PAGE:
The budget released last week by House Budget Committee Chairman Paul Ryan (R-WI) included a cut in the top income tax rate of ten percentage points, taking that rate — which is paid by just the richest two percent of Americans — from 35 to 25. Ryan claims that his tax code will raise the same amount of revenue as the current code, which, as Michael Linden notes, means that he’s necessarily planning a middle class tax increase.
House Budget Committee Ranking Member Chris Van Hollen (D-MD) delivered a speech at the Center for American Progress Action Fund today to lay out the principles that House Democrats envision for their 2012 budget plan. At the very least, Van Hollen explained, the Democrats’ budget will “raise the top income tax rate back to where it stood in the 1990s and close loopholes in the tax code in order to raise revenue levels.”
Several Democrats in the House — including Rep. Jan Schakowky (D-IL) and the Congressional Progressive Caucus — have endorsed additional tax brackets at the top of the income scale as a way to reduce the deficit, rather than resorting to draconian budget cuts. During an interview with ThinkProgress, Van Hollen said — while going to great lengths to emphasize that the Democratic leadership has not made a decision one way or the other — that additional tax brackets are “something that should be looked at”:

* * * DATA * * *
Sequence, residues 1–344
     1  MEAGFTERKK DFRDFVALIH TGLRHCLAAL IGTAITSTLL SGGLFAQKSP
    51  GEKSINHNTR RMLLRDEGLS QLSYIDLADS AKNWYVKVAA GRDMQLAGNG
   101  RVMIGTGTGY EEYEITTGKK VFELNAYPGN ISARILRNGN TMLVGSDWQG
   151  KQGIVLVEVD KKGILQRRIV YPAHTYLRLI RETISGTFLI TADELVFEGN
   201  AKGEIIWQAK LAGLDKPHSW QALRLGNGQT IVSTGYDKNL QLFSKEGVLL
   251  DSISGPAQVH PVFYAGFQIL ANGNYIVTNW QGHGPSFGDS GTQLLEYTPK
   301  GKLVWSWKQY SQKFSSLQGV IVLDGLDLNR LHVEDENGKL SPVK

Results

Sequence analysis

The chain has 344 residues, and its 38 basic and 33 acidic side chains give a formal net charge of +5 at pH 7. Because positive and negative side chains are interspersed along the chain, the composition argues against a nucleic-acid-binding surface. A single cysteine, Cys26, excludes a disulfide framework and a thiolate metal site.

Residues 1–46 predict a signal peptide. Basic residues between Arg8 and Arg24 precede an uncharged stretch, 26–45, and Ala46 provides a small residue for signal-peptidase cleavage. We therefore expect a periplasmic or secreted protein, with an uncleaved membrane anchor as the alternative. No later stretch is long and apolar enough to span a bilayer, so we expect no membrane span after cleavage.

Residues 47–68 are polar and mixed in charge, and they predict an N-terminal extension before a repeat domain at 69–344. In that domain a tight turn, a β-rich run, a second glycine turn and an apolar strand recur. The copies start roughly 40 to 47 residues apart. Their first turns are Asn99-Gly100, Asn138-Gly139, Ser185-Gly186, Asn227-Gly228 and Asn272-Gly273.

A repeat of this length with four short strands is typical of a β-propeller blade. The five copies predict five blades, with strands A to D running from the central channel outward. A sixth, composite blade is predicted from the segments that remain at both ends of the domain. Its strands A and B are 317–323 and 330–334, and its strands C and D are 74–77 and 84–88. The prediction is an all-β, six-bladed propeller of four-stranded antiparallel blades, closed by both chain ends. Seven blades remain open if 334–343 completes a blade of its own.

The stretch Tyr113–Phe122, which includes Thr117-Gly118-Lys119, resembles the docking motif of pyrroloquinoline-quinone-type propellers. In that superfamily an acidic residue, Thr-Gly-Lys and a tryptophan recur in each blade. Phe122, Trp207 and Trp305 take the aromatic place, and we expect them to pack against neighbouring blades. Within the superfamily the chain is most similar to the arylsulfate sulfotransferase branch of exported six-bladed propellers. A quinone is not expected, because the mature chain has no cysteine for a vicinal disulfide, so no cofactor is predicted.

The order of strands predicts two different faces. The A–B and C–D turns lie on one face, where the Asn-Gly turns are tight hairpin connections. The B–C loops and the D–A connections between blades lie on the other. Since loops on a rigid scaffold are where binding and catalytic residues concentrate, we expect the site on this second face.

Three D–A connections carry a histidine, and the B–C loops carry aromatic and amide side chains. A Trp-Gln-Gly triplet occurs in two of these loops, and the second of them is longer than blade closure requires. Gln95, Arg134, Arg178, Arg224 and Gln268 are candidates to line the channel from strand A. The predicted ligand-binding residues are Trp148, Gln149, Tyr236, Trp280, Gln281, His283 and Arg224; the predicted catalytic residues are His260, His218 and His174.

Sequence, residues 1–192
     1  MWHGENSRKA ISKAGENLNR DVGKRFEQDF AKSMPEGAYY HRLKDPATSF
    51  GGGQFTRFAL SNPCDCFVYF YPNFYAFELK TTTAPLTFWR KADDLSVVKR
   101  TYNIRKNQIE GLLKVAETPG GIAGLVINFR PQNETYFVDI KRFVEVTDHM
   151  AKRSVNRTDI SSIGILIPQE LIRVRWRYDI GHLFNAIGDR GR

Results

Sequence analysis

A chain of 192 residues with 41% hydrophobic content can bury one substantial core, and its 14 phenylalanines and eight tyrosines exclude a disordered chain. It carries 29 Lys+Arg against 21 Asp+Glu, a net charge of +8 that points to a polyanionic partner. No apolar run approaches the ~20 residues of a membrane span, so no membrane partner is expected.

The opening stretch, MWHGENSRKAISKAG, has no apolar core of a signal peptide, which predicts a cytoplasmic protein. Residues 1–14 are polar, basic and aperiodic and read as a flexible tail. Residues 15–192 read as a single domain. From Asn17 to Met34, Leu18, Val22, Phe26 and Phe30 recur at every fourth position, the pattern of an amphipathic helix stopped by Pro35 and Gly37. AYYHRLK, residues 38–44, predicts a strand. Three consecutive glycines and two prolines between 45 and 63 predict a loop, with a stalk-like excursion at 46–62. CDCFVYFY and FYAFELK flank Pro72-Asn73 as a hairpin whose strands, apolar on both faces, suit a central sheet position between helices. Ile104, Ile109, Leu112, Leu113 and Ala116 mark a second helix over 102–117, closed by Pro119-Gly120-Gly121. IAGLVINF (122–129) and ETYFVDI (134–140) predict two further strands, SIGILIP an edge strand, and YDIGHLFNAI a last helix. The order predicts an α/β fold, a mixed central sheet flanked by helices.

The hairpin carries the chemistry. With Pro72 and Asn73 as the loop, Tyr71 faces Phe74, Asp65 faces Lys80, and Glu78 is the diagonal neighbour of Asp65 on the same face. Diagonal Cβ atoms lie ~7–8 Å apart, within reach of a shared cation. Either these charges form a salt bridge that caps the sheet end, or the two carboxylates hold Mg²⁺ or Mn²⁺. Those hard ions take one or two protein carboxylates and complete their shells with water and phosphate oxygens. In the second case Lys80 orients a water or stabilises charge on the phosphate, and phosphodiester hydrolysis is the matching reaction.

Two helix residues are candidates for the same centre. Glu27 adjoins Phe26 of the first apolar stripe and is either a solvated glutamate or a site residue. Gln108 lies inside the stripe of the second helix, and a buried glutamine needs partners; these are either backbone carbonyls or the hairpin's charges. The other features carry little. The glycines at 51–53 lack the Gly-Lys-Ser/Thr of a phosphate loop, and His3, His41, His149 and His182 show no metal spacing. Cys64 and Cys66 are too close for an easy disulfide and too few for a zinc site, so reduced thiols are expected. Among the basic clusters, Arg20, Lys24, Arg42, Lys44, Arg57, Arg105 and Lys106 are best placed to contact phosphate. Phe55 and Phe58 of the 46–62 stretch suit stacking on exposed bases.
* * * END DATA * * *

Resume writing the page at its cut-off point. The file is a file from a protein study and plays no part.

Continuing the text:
Speaking personally only and not as the ranking member of the Budget Committee or as a member of the Democratic leadership, just speaking for myself, I think that’s something that should be looked at as part of individual tax reform. I think that we do need to look at some of the ideas in the bipartisan fiscal commission’s approach, and I do think you can change some rates and broaden the base, but I think we should go into it with an open mind as to what the parameters are.
At the moment, the wealthiest one percent of Americans make nearly 25 percent of the country’s total income, and income inequality is the worst its been since the 1920s. The top 400 taxpayers — who have more wealth than the bottom 50 percent of Americans combined — are paying lower taxes than they have in a generation. In 2009, tax revenue was the lowest its been in 60 years.